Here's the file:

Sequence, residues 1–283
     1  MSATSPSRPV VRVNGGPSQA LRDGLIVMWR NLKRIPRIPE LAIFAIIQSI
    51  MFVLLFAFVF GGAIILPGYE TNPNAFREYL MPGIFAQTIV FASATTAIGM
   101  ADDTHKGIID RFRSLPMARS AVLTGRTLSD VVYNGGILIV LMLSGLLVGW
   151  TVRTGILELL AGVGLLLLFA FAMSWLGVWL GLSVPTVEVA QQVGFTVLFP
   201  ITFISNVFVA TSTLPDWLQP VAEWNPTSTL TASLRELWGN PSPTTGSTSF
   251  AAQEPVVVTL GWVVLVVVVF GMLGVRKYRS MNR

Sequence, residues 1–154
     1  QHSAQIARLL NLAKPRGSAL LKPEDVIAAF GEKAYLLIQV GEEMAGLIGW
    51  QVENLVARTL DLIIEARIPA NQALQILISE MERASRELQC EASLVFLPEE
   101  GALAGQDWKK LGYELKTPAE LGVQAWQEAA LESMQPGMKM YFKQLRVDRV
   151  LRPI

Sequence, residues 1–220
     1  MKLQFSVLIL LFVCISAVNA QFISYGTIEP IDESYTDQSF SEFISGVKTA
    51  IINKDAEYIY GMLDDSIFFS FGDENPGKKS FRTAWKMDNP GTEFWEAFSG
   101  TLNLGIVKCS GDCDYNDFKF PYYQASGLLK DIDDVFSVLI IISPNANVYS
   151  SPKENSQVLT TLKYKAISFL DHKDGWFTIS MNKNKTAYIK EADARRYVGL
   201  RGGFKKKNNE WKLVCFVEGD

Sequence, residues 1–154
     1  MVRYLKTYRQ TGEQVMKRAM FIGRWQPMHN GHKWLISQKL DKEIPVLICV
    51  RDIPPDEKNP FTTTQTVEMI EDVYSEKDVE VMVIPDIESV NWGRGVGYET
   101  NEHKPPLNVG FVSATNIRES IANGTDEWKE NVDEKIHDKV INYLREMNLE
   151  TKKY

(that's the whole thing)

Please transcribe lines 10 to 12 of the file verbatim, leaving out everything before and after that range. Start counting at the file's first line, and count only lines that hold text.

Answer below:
    51  QVENLVARTL DLIIEARIPA NQALQILISE MERASRELQC EASLVFLPEE
   101  GALAGQDWKK LGYELKTPAE LGVQAWQEAA LESMQPGMKM YFKQLRVDRV
   151  LRPI